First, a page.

Last week, it purchased sterling hedges worth €950,000 and $650,000 against the euro and the dollar, which mature at the end of the year, taking advantage of the recent recovery in the pound. “We took advantage of the rise in exchange rates,” says finance director Sarah Burdett.
Sterling’s newfound strength is a relief for UK importers such as Nielsen Bainbridge, enabling them to pick up the phone to forex specialists for the first time in months to discuss sterling hedges — a trend now being widely reported by currency hedging advisers.
Yet the pound’s post-Brexit decline from $1.50 has been a test of nerve for Nielsen Bainbridge and many other importers. The company’s suppliers are located in Europe or China. “Currency therefore has a big impact on our business and the margins we can obtain,” says Ms Burdett.
When the pound was stronger, Nielsen Bainbridge could hedge sterling over three months to cover short-term currency needs. Currency hedges enable institutions, business and individuals to lock in an exchange rate over a certain duration regardless of how the rate moves in that time.
Then came Brexit, which Ms Burdett says delivered an “unexpected shock”, driving up costs which forced it to raise prices.
This is the third of three phases of sterling depreciation experienced by UK companies since Brexit, says James Street at forex risk managers JCRA.
Phase one is trading through the hedges they had in place at the time of Brexit until the costs of the pound’s decline fully registered. The second is the attritional phase, when companies “try to absorb as much of the cost as they can”. Phase three is “the capitulation phase — passing on price rises to customers”, says Mr Stretton.
A lot of companies appear to have been through the first phase, putting off worries about sterling’s fall until closer to the moment when their hedges expired.
Many companies are now striving to avoid the capitulation phase, focusing on how they could reshape their supply chains. The Chartered Institute of Procurement and Supply says nearly a third of managers were looking to shift from EU to UK-based suppliers. Nearly two-thirds have seen their supply chain costs rise because of the pound’s post-Brexit fall and 36 per cent are trying to drive down supplier costs.
“Rising costs, driven by uncertainty and fluctuations in the value of sterling, are becoming increasingly acute and we are only in the early stages of the negotiation,“ says Duncan Brock of Cips.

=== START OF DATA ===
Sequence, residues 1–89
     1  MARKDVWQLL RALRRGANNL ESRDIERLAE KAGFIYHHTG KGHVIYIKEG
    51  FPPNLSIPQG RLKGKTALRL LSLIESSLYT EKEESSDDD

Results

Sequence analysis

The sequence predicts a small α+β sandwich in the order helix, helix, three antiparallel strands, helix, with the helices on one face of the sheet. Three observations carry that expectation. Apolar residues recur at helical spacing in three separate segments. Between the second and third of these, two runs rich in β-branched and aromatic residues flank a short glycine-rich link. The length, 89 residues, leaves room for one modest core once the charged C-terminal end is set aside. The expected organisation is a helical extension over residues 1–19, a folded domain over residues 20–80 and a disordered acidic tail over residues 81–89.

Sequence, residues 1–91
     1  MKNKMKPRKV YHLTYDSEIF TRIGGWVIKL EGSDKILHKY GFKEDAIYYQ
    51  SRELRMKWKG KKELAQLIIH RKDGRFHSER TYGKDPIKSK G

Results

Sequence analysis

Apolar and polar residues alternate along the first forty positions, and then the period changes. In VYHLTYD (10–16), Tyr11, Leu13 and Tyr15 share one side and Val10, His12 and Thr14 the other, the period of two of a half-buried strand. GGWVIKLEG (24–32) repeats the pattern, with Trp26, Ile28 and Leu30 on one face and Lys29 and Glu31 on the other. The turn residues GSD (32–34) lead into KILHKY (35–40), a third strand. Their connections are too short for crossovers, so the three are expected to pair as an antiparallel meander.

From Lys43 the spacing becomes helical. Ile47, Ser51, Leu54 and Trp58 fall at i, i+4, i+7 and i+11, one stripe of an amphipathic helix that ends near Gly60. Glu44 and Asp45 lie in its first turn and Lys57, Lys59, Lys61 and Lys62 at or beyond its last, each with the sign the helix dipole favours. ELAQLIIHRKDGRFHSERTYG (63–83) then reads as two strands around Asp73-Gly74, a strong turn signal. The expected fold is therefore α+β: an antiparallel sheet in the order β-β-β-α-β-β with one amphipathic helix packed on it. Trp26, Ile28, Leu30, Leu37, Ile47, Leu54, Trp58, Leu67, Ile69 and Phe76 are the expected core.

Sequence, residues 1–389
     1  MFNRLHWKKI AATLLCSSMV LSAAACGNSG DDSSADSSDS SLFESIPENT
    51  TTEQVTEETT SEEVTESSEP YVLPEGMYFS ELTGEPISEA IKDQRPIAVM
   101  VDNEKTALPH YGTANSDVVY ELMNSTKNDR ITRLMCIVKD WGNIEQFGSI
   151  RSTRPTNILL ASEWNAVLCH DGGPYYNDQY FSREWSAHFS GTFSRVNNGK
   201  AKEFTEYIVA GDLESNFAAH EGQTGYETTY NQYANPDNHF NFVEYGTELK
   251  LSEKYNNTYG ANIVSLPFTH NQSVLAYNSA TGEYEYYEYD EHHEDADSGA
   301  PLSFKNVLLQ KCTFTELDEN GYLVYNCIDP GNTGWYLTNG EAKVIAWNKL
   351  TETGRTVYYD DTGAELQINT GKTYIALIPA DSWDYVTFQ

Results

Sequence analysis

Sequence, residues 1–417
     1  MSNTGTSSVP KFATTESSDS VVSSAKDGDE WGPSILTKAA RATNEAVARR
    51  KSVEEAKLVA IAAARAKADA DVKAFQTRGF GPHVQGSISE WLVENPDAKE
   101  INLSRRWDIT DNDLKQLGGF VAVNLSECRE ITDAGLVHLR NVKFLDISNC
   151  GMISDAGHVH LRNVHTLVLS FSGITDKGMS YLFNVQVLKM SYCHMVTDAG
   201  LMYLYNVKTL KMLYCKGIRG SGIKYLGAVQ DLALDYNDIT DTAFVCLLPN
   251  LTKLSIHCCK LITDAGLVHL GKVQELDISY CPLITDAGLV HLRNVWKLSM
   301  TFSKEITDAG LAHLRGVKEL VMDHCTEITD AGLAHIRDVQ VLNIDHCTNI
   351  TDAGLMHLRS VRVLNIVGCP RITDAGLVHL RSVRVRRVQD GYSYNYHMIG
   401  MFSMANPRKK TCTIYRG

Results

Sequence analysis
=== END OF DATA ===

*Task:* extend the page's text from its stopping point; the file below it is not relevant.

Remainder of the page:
Amid such flux, companies are taking profit when they can. Before last week’s hedge, Ms Burdett would buy currency as soon as Nielsen Bainbridge confirmed a large ad hoc order, in order to fix costs.
Longer-term hedging strategies seemed out of the question in January when the pound hovered around $1.20 and forex analysts forecast further declines.
Imagine a company which had budgeted for sterling to be at $1.40, says Mr Stretton. Did it hedge sterling at $1.20 or stay unhedged amid continuing sterling uncertainty?
Remember that only a few months ago banks were forecasting the pound down to $1.10 or even parity, he adds.
That is now changing, as the pound threatens to break $1.30 and analysts revise their forecasts upwards. In boardrooms and treasury offices, the pound’s rise offers companies the chance to rethink budgets.
“If you’ve got a budget rate at $1.40, hedging at $1.30 is only 10 cents off where you were planning,” says Mr Stretton. “Depending on competitive pressures, some firms are probably of the view that, close to $1.30, you can trade through this.”
Hedging activity may be on the rise again, and the UK corporate mood is a bit brighter. “A good percentage of clients is considering or has locked in either short or longer-term hedges,” says Michael McGowan of Bibby Financial Services. Some of its clients even ask why, if sterling is rising, they would want to be locked in to a hedge.
They should take heed. “Sterling is still some 15 to 20 per cent from where we were pre-Brexit, so companies have the same sort of issues, says Danny Goldblum, head of HSBC’s CMB sales.
Hedging has not become much easier, he adds. “What the last year has taught us is once markets start being driven by geopolitics it becomes much harder to hedge and you need more flexibility in your hedging policy. You don’t have to act on everything but you need the ability to respond quickly,” says Mr Goldblum.
Importers will welcome the pound’s rise, says Rudi Alexis, head of corporate FX distribution at Barclays. “It gives them a bit of respite, but they are not out of the woods whatsoever,” he says.
Ms Burdett is certainly not getting carried away by the pound heading for $1.30. Brexit may have stabilised in the short term, “so it doesn’t affect my decision making at the moment.
“But come budget period and trying to plan for next year it will be an issue and will take a prominent role in currency conversations and what action will be taken to minimise any negative currency impact.”